The “not-for-profit and public hospital sector is experiencing an overall softening in operating performance and liquidity measures” relative to last year's medians, according to the May report from Moody’s. The report specifically cited rising labor costs as continuing to pressure expense-growth rates at those organizations.

The growing pressure on margins, fueled in part by the hiring spree, has left hospitals looking for cost controls.

“What organizations are looking very, very hard at is where are the savings—above and beyond stripping more money out of labor,” said Carol Fleischhauer, JD, chief nursing officer at Advisory Board.

Advisory Board data indicated that hospital executives increasingly are looking for that savings in initiatives to reduce variations in care delivery.

“Beyond supplies, beyond labor, beyond capital, it’s, ‘Holy smokes, there’s a lot of opportunity here to save on services,’” Fleischhauer said in an interview.

Other savings efforts involve a push to retain newly hired professionals. In doing so, hospitals seek to avoid the expense of replacing high-turnover healthcare workers, which can cost 150 percent as much as retaining the worker, according to Advisory Board data.

An emerging retention challenge has arisen among Millennial workers, who have “less patience” for workplace frustrations, Fleischhauer said.

“You can create jobs and you can recruit people into these positions, but if you are not prepared to invest in the infrastructure, engage them, and make sure that they are skilled and they are satisfied, they’ll leave you and jump around,” Fleischhauer said. “The downside of increased turnover is extraordinary cost to the organization.”

Workforce Focus

The latest federal data on positions that are driving the healthcare hiring boom point to registered nurses, nurse practitioners, physician assistants, and “some” physicians, Turner said.  Smaller growth has occurred among support staff, such as care coordinators. The latest position-related data are from mid-2016.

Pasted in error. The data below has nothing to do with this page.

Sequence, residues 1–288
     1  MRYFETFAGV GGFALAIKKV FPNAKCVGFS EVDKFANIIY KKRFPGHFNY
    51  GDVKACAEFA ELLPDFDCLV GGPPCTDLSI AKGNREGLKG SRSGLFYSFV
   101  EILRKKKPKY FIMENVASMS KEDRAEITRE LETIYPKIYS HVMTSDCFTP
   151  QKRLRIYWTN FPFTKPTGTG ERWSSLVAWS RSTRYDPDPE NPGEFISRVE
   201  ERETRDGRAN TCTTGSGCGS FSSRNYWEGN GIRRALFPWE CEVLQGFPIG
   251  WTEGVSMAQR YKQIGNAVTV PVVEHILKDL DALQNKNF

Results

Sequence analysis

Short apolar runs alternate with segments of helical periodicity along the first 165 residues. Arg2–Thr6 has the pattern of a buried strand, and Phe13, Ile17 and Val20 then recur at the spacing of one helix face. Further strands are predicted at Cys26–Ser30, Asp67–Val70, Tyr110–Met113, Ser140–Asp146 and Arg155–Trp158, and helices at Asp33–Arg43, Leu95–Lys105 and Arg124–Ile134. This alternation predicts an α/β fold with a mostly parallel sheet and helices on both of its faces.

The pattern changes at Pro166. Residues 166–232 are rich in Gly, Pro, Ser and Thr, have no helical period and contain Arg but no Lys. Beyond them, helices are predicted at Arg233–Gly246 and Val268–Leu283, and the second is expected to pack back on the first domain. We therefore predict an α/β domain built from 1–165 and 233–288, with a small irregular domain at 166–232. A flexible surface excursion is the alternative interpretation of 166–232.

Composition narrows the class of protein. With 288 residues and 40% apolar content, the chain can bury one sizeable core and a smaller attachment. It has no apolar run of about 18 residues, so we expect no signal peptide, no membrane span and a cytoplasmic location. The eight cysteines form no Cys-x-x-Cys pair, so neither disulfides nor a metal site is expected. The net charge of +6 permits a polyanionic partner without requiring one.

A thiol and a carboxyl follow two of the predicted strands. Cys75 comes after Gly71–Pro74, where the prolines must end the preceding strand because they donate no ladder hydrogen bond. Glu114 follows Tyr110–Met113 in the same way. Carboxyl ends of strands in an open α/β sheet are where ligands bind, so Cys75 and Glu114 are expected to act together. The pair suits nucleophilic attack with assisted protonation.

At hospitals, the scramble to hire independent physicians may have peaked. The latest edition of a regular report by the American Medical Association found stabilization in the trend toward hospital employment of physicians. Specifically, the share of physicians who work in a practice with at least some hospital ownership or who are direct hospital employees was 32.8 percent in both 2014 and 2016.

However, a June report from Fitch concluded that the ongoing implementation of the Medicare Access and CHIP Reauthorization Act (MACRA) is continuing to encourage hospital employment of physicians.

“MACRA will further tighten hospital-physician relationships and lead more independent physicians to seek hospital employment,” the report stated.

That sentiment differed from a 2016 report, also from Fitch, that projected the pace of physician alignment and employment to slow from very strong levels over the past few years, given that most physicians have consolidated.


Rich Daly is a senior writer/editor in HFMA’s Washington, D.C., office. Follow Rich on Twitter: @rdalyhealthcare

Publication Date: Friday, July 07, 2017